We can not avoid question about Rohingya. She had already consulted with her advisers about Rohingya related questions.The recipient of this award should not be thinking politically correct all the time especially when we witness Genocide.Su Kyi is being treated as celebrity and she is enjoying it every moment of it while she ignored the biggest massacre and Genocide in Burma history.

Featured Videos

Your JavaScript is turned off or you have an old version of Adobe's Flash Player. Get the latest Flash player.
Olympics Construction Scars Sacred Korean Mountaini
X
July 02, 2015 4:10 AM
Environmentalists in South Korea are protesting a Winter Olympics construction project to build a ski slope through a 500-year-old protected forest. Brian Padden reports that although there is strong national support for hosting the 2018 Pyeongchang Winter Olympics, there are growing public concerns over the costs and possible ecological damage at the revered mountain.
Video

Video Olympics Construction Scars Sacred Korean Mountain

Environmentalists in South Korea are protesting a Winter Olympics construction project to build a ski slope through a 500-year-old protected forest. Brian Padden reports that although there is strong national support for hosting the 2018 Pyeongchang Winter Olympics, there are growing public concerns over the costs and possible ecological damage at the revered mountain.
Video

Video Xenophobia Victims in South Africa Flee Violence, Then Return

Many Malawians fled South Africa early this year after xenophobic attacks on African immigrants. But many quickly found life was no better at home and have returned to South Africa – often illegally and without jobs, and facing the tough task of having to start over. Lameck Masina and Anita Powell file from Johannesburg.
Video

Video Family of American Marine Calls for Release From Iranian Prison

As the crowd of journalists covering the Iran talks swells, so too do the opportunities for media coverage.  Hoping to catch the attention of high-level diplomats, the family of American-Iranian marine Amir Hekmati is in Vienna, pleading for his release from an Iranian prison after nearly 4 years.  VOA’s Heather Murdock reports from Vienna.
Video

Video UK Holds Terror Drill as MPs Mull Tunisia Response

After pledging a tough response to last Friday’s terror attack in Tunisia, which came just days before the 10th anniversary of the bomb attacks on London’s transport network, British security services are shifting their focus to overseas counter-terror operations. VOA's Henry Ridgwell has more.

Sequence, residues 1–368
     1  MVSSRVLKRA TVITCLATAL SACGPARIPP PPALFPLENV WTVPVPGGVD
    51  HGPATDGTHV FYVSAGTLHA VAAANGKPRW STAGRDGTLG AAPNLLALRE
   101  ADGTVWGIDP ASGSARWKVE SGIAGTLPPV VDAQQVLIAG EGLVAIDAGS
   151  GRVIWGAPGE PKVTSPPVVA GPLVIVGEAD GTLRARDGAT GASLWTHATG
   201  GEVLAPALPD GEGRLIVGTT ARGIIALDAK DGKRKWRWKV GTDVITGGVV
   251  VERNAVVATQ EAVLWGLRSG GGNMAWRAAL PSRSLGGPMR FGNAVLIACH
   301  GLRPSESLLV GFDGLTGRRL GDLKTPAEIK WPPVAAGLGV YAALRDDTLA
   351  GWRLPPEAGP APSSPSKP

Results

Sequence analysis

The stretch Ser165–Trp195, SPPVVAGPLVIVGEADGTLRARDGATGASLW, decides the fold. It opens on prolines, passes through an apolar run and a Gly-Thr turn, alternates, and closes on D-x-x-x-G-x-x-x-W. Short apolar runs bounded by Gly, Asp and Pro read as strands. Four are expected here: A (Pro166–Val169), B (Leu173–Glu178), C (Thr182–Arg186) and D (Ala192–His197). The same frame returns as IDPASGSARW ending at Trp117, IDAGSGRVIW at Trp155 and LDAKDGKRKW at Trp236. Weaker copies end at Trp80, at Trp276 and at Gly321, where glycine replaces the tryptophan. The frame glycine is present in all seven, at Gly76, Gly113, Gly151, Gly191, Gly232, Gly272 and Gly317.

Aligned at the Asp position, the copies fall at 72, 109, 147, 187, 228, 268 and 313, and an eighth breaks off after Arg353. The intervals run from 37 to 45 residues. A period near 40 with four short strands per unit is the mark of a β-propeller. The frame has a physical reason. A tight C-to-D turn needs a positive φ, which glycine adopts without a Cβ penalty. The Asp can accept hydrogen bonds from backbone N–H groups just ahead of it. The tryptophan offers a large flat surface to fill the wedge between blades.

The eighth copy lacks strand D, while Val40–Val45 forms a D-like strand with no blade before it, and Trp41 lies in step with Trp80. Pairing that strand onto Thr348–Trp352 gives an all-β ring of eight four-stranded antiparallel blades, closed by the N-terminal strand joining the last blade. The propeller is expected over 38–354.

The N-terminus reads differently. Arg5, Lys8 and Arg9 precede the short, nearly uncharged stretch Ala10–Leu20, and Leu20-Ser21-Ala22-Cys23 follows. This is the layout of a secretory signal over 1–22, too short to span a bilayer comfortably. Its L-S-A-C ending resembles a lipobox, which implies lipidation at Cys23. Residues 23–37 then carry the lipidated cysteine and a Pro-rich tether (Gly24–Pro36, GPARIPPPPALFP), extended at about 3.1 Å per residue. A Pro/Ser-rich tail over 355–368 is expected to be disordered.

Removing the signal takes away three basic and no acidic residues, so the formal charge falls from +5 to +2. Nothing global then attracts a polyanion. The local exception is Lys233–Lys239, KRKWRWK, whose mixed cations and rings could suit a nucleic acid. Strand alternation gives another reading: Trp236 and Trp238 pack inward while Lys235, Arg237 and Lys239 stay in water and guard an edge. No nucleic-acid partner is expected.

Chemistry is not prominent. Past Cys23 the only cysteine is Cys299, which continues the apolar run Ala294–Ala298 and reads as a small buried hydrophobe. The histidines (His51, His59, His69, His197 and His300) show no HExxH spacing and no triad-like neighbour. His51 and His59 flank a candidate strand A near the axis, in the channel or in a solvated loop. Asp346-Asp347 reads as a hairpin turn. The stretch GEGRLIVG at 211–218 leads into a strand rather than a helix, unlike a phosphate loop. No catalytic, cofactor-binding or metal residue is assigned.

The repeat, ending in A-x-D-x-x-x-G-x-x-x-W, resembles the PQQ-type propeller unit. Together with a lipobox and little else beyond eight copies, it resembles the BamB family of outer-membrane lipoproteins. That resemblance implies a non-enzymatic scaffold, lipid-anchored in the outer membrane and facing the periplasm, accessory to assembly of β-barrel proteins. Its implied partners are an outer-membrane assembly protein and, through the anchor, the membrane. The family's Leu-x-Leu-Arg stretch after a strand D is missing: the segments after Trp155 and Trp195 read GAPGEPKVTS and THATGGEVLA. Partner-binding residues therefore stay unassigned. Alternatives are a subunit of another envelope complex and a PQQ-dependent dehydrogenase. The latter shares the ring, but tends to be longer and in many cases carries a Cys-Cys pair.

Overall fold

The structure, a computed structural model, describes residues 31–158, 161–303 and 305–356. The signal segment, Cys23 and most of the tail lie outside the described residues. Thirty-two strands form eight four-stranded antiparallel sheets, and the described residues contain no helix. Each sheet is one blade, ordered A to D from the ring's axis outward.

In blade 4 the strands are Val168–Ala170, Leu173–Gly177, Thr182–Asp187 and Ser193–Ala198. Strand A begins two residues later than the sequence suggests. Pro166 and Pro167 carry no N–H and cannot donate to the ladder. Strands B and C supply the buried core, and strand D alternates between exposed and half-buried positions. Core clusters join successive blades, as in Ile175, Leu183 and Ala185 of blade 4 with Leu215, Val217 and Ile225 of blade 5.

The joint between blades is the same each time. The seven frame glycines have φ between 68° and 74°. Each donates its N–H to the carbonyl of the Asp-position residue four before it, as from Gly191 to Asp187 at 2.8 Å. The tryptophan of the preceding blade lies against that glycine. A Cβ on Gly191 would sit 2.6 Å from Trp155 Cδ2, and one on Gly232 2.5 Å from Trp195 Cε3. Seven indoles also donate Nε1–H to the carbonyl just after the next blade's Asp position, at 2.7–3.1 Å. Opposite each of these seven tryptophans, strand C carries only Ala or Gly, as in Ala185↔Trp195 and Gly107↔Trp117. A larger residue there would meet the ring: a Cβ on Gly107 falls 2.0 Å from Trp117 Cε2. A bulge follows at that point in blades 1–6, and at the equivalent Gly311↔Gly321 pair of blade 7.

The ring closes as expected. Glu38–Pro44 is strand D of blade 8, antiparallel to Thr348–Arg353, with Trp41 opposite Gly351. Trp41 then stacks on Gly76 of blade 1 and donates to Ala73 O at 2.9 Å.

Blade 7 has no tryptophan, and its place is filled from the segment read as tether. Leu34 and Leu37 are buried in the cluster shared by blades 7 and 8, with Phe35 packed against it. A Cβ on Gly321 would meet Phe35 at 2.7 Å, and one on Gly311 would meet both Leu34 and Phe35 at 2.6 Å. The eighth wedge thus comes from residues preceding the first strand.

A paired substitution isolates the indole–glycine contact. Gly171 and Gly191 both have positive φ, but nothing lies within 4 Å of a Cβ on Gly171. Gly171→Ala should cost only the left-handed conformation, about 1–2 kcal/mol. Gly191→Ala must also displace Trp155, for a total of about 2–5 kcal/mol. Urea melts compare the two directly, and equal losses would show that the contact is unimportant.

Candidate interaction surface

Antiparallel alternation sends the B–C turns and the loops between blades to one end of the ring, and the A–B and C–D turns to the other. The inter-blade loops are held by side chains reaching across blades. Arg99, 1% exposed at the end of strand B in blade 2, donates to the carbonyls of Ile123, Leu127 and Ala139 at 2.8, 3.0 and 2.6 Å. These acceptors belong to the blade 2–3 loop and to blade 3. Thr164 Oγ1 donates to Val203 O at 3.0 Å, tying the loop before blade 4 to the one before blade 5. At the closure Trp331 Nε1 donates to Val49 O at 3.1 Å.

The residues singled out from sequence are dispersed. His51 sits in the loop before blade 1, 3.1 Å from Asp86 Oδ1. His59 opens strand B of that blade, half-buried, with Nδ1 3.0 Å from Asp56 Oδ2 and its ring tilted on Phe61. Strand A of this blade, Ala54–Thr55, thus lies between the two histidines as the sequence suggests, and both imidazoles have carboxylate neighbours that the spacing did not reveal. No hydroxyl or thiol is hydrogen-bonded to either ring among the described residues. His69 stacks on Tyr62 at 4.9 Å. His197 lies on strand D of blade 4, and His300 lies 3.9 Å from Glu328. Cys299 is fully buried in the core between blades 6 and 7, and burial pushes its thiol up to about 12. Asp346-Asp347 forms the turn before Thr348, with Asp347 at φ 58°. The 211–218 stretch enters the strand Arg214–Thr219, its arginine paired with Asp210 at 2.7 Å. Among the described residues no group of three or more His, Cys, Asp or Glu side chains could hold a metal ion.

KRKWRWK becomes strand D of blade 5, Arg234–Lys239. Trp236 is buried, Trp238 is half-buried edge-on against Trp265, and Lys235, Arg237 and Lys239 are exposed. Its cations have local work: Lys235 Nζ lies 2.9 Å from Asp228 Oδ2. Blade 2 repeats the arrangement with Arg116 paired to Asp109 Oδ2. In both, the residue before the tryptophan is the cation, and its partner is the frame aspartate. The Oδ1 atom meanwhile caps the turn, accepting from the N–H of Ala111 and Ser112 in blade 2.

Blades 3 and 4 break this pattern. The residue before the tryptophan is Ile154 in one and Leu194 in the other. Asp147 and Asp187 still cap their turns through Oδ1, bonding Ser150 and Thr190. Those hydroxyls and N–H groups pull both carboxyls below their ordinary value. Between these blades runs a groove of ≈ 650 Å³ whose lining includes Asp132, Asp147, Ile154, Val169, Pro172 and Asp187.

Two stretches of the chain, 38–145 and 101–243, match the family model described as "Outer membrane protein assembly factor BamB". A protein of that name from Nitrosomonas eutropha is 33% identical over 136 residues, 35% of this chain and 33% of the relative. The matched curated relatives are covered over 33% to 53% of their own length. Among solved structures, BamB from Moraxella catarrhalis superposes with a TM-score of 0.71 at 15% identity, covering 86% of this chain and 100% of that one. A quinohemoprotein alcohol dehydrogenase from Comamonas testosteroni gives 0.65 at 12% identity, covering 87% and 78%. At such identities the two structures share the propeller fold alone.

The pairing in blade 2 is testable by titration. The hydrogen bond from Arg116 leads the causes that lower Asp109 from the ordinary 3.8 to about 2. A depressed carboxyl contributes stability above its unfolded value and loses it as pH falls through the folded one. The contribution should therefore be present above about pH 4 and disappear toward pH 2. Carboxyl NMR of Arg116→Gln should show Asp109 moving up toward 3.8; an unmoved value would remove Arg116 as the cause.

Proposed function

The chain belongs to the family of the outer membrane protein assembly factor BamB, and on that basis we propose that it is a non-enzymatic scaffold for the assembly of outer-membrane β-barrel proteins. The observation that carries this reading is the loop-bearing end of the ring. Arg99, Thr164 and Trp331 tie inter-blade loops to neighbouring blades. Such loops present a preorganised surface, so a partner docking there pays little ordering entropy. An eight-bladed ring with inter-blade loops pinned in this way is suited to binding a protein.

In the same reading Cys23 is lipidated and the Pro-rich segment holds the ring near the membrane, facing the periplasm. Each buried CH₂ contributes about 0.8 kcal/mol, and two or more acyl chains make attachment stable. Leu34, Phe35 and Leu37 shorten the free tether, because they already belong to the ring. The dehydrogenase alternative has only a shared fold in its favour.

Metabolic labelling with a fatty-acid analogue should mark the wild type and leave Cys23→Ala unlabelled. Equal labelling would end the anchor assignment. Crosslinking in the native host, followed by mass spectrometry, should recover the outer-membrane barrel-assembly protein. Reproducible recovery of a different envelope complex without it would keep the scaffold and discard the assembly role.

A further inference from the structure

Video

Video Obama on Cuba: This is What Change Looks Like

President Barack Obama says the United States will soon reopen its embassy in Cuba for the first time since 1961, ending a half-century of isolation. VOA White House correspondent Luis Ramirez reports.
Video

Video Hate Groups Spread Influence Via Internet

Hate groups of various kinds are using the Internet for propaganda and recruitment, and a Jewish human rights organization that monitors these groups, the Simon Wiesenthal Center, says their influence is growing. The messages are different, but the calls to hatred or violence are similar. VOA's Mike O’Sullivan reports.
Video

Video US Silica Sand Mining Surge Worries Illinois Residents, Businesses

Increased domestic U.S. oil and gas production, thanks to advances known as “fracking,” has created a boom for other industries supporting that extraction. Demand for silica sand, used in fracking, could triple over the next five years. In the Midwest state of Illinois, people living near the mines are worried about how increased silica sand mining will affect their businesses and their health. VOA’s Kane Farabaugh has more in this first of a series of reports.
Video

Video Blind Somali Journalist Defies Odds in Mogadishu

Despite improving security in the last few years, Somalia remains one of the most dangerous countries to be a journalist – even more so for someone who cannot see. Abdulaziz Billow has the story of journalist Abdifatah Hassan Kalgacal, who has been reporting from the Somali capital for the last decade despite being blind.
Video

Video Texas Defies Same-Sex Marriage Ruling

Texas state officials have criticized the US Supreme Court decision giving same-sex couples the right to marry nationwide. The attorney general of Texas says last week's decision did not overrule constitutional "rights of religious liberty," and therefore officials performing wedding services can refuse to perform them for same-sex couples if it is against their religious beliefs. Zlatica Hoke reports on the controversy.
Video

Video Rabbi Hits Road to Heal Jewish-Muslim Relations in France

France is on high alert after last week's terrorist attack near the city Lyon, just six months after deadly Paris shootings. The attack have added new tensions to relations between French Jews and Muslims. France’s Jewish and Muslim communities also share a common heritage, though, and as far as one French rabbi is concerned, they are destined to be friends. From the Paris suburb of La Courneuve, Lisa Bryant reports about Rabbi Michel Serfaty and his friendship bus.
Video

Video Saudi Leaks Expose ‘Checkbook Diplomacy’ In Battle With Iran

Saudi Arabia’s willingness to wield its oil money on the global diplomatic stage appears to have been laid bare, after the website WikiLeaks published tens of thousands of leaked cables from Riyadh’s Ministry of Foreign Affairs. VOA's Henry Ridgwell reports.
Video

Video In Kenya, Police Said to Shoot First, Ask Questions Later

An organization that documents torture and extrajudicial killings says Kenyan police were responsible for 1,252 shooting deaths in five cities, including Nairobi, between 2009 and 2014, representing 67 percent of all gun deaths in the areas reviewed. Gabe Joselow has more from Nairobi.

VOA Blogs